Pumpkin seeds: How to save (and eat them, too)!

I received a small pumpkin in my CSA basket last week, and prepped it yesterday morning for decorating.  You would not believe the massive amount of seeds that came out of such a tiny cavity – I’ve bought much larger pumpkins in the past that didn’t even have a quarter of the seeds that this one did.

If you’re hoping to grow your own jack o’lanterns next year from seed you’ve saved, you’ll have to know how the pumpkin that you’re saving seed from was grown…or, more specifically, what it was bred with.  Pumpkin plants, like all other members of the genus Cucurbita, can cross-pollinate.  That means that each species of cucurbits can cross with plants within the same species – so, C. pepo such as zucchini (and some pumpkins) can cross with spaghetti squash, for example. This pollination mash-up will not show up as freaky traits in the current crop,  BUT it will affect future crops if the seed is saved.  To prevent this, you must either plant pumpkins in isolation, or hand-pollinate individual plants (which bees normally take care of) and keep the flowers enclosed in paper bags until the plants are past the pollination stage.

If you manage to get some true seed from your pumpkins, make sure you wash them well and dry them on a piece of paper towel.  Keep more than you think you will need, as not all of the seeds will germinate.  Set the drying seeds in a cool place for about a week, then place them in a paper envelope.  If you want to store the seeds in the fridge (a good place), punch some holes in the lid of a large plastic yogourt container and pack the seeds inside.  (The holes will keep moisture from condensing inside the container and is an excellent idea to use whenever you are  saving seeds).  Ensure you label the container with the date and the contents.

I don’t plan to grow pumpkins next year –  I simply don’t have enough room in my community garden plot for such large plants.   So, what better to do with a bounty of pumpkin seeds than to eat them?

Lime and Chili Pumpkin Seeds

Seeds from one pumpkin

3 tbsp freshly-squeezed lime juice

1 tbsp olive oil

1/4 tsp salt (if you have coarse salt, use that)

1/2 tsp chili powder

pinch cayenne pepper (if you like the spice!)

Preheat oven to 300 degrees Fahrenheit.  Combine all ingredients except seeds in a small bowl.  Carefully wash pumpkin seeds in cool water, removing all of the extra bits of pulp.  Dry the seeds thoroughly between several layers of paper towel and transfer to the bowl with the lime and chili.  Combine thoroughly and spread seeds in a single layer on a baking sheet.  Roast seeds in preheated oven for 10 minutes, then remove pan and stir the seeds, spreading them out once again in a single layer. Place in oven for another 10 minutes, then remove and allow to cool.  Enjoy!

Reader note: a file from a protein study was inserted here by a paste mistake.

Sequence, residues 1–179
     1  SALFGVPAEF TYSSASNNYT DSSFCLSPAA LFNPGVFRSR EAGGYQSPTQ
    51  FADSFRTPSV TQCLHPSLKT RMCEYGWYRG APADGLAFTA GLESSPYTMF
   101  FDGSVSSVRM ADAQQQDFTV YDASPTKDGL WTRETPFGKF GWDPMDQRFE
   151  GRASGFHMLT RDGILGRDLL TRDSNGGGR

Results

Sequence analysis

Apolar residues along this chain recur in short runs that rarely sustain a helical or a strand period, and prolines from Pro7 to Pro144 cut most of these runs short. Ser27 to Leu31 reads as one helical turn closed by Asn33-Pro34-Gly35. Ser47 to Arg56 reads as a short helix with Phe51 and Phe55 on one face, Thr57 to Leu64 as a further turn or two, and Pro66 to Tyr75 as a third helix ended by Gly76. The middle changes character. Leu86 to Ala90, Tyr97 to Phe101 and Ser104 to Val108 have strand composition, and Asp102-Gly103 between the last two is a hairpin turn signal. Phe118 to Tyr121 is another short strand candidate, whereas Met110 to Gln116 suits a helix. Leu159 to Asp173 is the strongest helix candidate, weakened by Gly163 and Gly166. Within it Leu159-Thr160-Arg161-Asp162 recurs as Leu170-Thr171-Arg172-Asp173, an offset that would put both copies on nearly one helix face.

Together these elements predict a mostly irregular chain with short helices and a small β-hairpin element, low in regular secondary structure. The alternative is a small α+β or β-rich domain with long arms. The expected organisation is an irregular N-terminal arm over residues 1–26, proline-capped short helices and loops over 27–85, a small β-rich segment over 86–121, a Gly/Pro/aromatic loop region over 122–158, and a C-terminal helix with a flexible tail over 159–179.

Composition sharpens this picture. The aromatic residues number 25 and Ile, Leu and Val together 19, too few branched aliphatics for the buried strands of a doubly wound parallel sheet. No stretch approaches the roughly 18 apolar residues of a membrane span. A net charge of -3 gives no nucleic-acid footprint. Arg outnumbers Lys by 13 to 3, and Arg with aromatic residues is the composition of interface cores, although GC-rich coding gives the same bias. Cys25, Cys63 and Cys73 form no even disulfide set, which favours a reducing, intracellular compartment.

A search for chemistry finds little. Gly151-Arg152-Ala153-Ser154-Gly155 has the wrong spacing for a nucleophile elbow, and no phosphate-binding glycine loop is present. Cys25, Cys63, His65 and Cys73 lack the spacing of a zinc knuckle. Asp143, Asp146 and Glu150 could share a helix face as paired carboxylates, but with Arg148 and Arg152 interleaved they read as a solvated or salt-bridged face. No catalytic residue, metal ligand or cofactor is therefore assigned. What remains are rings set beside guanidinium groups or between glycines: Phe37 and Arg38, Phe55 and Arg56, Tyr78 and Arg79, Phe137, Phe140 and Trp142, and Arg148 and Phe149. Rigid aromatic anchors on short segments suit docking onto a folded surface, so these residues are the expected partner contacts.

Do you grow pumpkins in your garden?  Do you harvest any of them for jack o’lanterns?  (And, if so, do you eat the seeds?).

Happy Hallowe’en! 


  1. I’m not a gardener, other to support my basil addiction, but I do love some pumpkin seeds! Each Halloween, my son and I would clean and roast them and munch away happily. But only with salt. This recipe sounds yummy!

  2. That was really interesting reading, I enjoyed learning how to avoid future freaky traits ! Thanks for following my blog! Nice to meet you Sherly! : )


  3. Before I retired, my first grade class would always explore a pumpkin. The cooks in our cafeteria actually baked the seeds for us, so the kids could get a real taste of pumpkin seeds. Bet they wouldn’t be allowed to do that today!

    • It’s too bad they can’t do that anymore, it’s a good experience for the children. (And a tasty treat, too!). 🙂 Hopefully they still get a chance to learn about the seeds and the process of how the pumpkins grow!

  4. Hi Sheryl ,This sounds yummy! We usually carve 3 or 4 pumpkins and roast the seeds with salt. I might have to buy another pumpkin to try your recipe. Thanks for coming by uribotanicalgardens.wordpress.com

    • The flavour is really quite nice with these – just slightly spicy and citrusy. Not a huge kick – although I suppose one could add more cayenne if desired. I hope you get a chance to try them this way!

      Enjoy the rest of your weekend! 🙂

    • I usually end up planting zucchini instead of pumpkins, and they take up so much space – I barely have enough room for my other crops! Maybe next year I’ll try container zucchinis, and pumpkins will be on my planting list! 🙂

  5. An interesting and informative post, I have not thought of roasting the seeds, one to try. When I store seeds in the fridge I always add a few grains of rice to help absorb the moisture.

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